Clause 19 - Growth market exemption: qualifying UK multilateral trading facilities etc

Finance Bill – in a Public Bill Committee am 10:45 am ar 16 Ionawr 2024.

Danfonwch hysbysiad imi am ddadleuon fel hyn

Question proposed, That the clause stand part of the Bill.

Photo of Nigel Huddleston Nigel Huddleston The Financial Secretary to the Treasury

Clause 19 widens access to the growth market exemption—a relief from stamp duty and stamp duty reserve tax—so that it better supports SMEs and growth businesses to raise capital. It does that by lowering transaction costs, which will support our economy by boosting growth in innovative sectors. The relief will now be available to smaller, innovative growth markets, instead of being restricted to markets operated by large stock exchanges.

The growth market exemption was introduced in 2014 with the aim of boosting investor participation in equity growth markets and improving the conditions for growing companies to raise equity financing. Initially, three UK markets and one Irish market were able to access the exemption. Since then, another 10 markets across the EU and European economic area have applied for and gained access to the exemption, meaning that UK SMEs have greater access to capital.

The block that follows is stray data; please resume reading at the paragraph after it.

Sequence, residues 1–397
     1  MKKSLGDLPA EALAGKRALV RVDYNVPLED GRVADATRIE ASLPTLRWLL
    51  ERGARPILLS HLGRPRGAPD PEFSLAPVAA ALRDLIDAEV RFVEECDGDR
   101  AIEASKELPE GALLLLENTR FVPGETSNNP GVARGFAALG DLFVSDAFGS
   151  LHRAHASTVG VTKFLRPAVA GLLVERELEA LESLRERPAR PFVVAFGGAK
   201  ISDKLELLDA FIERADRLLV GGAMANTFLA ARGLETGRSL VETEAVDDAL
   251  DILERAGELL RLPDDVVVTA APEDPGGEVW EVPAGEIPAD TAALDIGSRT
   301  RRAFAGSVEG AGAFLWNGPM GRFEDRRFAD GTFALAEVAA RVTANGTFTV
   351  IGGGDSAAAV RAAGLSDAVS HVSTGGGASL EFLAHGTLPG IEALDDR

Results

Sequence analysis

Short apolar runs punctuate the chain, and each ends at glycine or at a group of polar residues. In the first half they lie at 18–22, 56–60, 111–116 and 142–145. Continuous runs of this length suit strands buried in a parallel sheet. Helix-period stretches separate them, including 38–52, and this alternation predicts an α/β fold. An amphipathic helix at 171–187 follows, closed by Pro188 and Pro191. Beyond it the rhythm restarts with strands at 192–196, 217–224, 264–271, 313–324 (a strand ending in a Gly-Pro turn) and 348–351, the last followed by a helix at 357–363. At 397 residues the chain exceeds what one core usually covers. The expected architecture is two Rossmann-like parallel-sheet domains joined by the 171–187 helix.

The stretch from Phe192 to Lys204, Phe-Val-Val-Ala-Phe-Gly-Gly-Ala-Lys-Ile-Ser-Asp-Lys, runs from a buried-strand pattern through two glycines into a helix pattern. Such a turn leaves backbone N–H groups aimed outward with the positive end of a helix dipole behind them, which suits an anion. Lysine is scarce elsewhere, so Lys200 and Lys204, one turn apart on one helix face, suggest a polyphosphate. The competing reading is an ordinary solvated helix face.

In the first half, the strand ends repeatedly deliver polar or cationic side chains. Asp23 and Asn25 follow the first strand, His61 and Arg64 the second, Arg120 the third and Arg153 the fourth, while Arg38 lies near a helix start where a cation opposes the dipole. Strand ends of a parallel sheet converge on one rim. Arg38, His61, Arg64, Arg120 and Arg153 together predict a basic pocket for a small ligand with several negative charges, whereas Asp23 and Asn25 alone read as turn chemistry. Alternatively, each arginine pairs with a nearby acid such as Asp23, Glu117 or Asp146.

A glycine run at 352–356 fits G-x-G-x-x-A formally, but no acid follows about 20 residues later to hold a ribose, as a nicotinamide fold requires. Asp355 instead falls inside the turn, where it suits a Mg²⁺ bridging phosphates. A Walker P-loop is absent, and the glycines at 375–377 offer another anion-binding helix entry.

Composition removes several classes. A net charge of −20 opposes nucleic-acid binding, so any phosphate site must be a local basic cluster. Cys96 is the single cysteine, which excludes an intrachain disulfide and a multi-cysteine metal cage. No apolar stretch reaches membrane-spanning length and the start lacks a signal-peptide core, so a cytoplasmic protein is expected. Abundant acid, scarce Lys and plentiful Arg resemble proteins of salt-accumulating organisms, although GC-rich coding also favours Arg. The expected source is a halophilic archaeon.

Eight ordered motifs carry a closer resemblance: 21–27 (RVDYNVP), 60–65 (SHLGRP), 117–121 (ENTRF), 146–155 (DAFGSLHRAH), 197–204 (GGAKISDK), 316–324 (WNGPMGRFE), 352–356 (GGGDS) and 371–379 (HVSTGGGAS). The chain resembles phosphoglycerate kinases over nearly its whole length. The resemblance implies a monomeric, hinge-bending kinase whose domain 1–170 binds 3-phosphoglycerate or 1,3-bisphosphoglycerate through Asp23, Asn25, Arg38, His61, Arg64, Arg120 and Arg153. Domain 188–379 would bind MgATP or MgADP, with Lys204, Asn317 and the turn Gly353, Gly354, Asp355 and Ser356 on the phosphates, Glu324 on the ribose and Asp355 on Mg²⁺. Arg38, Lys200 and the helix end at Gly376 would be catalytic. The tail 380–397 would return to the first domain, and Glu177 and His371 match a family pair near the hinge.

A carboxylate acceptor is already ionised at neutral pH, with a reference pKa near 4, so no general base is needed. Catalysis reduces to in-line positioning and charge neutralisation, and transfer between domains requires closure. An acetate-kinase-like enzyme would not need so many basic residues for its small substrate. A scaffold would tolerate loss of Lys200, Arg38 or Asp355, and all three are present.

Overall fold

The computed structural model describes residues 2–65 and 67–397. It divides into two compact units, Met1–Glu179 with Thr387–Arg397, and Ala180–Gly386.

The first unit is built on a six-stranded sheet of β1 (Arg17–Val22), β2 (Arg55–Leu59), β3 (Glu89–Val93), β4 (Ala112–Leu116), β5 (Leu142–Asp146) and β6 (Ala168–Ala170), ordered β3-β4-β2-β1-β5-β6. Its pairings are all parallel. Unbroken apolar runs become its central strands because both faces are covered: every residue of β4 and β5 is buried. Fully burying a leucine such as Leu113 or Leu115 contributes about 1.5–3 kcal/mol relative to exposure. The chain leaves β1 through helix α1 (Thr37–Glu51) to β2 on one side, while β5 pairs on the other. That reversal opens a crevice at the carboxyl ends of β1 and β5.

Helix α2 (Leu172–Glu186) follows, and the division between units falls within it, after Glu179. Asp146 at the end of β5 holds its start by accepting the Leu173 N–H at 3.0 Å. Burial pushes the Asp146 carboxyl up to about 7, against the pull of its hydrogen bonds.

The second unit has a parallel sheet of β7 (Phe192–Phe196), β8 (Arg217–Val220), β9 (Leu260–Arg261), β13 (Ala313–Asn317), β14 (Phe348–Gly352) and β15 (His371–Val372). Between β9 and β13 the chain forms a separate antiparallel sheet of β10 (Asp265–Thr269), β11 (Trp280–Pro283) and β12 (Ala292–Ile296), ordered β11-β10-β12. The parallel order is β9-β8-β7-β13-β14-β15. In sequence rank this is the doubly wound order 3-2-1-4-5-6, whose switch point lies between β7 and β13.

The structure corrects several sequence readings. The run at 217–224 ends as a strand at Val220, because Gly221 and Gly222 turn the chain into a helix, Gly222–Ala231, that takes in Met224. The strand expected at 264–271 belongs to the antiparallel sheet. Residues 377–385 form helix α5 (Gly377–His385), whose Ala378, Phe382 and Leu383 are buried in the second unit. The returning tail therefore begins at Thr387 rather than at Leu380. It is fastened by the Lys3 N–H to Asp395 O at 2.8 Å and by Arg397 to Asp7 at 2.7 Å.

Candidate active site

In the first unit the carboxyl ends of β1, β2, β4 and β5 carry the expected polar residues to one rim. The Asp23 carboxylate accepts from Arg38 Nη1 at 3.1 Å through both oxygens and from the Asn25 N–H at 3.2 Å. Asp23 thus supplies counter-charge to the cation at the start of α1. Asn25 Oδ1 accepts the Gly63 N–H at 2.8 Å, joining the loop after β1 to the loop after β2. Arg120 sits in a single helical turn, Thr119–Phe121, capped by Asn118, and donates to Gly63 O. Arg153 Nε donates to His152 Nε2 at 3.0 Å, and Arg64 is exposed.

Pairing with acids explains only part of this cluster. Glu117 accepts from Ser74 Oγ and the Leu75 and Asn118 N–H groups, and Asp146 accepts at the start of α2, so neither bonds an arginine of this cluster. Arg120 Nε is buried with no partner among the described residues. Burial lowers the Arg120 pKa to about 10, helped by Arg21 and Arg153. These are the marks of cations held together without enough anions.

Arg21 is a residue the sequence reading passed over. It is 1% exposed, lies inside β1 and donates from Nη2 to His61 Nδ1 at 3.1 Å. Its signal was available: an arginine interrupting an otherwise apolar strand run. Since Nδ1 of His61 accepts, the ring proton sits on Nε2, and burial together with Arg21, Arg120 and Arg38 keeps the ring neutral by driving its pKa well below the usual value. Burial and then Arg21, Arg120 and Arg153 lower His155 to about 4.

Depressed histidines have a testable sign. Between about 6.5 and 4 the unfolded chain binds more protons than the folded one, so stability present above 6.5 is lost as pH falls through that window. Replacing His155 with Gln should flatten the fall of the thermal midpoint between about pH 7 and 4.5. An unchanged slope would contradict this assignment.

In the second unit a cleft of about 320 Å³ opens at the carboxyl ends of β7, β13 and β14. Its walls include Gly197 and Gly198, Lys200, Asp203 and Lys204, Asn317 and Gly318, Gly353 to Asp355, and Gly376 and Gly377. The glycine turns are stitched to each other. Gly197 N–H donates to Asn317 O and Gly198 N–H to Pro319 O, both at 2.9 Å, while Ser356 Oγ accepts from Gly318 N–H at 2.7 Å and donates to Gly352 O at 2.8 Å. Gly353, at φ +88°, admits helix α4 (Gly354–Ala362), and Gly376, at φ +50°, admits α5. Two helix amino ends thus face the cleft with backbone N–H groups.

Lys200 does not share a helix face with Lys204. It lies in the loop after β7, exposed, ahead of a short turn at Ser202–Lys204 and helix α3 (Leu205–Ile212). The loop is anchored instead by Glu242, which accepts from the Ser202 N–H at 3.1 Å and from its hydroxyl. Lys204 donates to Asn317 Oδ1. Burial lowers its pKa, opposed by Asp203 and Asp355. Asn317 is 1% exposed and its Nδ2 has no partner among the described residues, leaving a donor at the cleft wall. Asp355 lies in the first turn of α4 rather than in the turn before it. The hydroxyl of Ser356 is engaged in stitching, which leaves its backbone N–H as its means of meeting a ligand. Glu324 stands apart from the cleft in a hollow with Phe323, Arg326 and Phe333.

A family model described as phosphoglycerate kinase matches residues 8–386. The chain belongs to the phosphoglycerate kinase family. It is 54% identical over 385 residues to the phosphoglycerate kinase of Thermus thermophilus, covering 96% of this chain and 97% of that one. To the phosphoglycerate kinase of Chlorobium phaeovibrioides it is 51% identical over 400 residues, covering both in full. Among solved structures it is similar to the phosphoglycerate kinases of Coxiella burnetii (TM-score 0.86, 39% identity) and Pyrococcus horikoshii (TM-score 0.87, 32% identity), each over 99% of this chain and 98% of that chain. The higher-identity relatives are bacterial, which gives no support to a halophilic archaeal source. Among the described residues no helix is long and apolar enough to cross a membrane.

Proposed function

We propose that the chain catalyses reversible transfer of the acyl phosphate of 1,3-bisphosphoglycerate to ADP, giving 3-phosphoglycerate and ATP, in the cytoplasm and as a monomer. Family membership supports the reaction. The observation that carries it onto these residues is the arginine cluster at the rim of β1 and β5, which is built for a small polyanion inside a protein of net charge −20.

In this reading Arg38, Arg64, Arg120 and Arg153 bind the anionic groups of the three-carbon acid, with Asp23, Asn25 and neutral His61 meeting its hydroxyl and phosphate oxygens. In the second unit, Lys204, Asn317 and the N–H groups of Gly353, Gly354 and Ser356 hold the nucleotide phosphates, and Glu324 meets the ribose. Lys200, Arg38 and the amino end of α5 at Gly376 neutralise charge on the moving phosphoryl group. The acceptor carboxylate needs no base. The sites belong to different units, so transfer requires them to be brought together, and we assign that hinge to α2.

Previously, in order to be recognised by HMRC as a qualifying growth market, markets that are referred to as “multilateral trading facilities” had to be operated by a “recognised stock exchange” such as the London or Aquis stock exchanges. Once that condition was met, markets also had to meet one of two additional conditions: either the majority of companies on the market had to have a market capitalisation of less than £170 million, or the market’s rules of admission had to require companies to demonstrate at least 20% compounded annual revenue or employment growth over the three years preceding their admission.

However, the requirements have not been updated since the exemption’s introduction in 2014, despite considerable developments in how markets are regulated. Investment firms that are not of the same size and scale as the large stock exchanges can run multilateral trading facilities that are recognised as small and medium-sized enterprise growth markets by the Financial Conduct Authority but, as a result of the current stamp taxes on shares legislation, are barred from accessing the growth market exemption.

The changes made by clause 19 allow multilateral trading facilities that are regulated by the Financial Conduct Authority and run by these smaller investment firms to access the growth market exemption, provided that they meet one of the two additional requirements. That will ensure fairness in the current application of the exemption and increased competition in the market, leading to greater choice for SMEs that are seeking to access finance. That will, in turn, boost growth in UK SMEs.

Clause 19 also updates the market capitalisation condition by increasing the level up to which a majority of companies listed on the exchange can be capitalised from £170 million to £450 million. That change reflects the modern market and demonstrates the Government’s commitment to helping innovative SMEs to grow.

Photo of Tulip Siddiq Tulip Siddiq Shadow Minister (Treasury)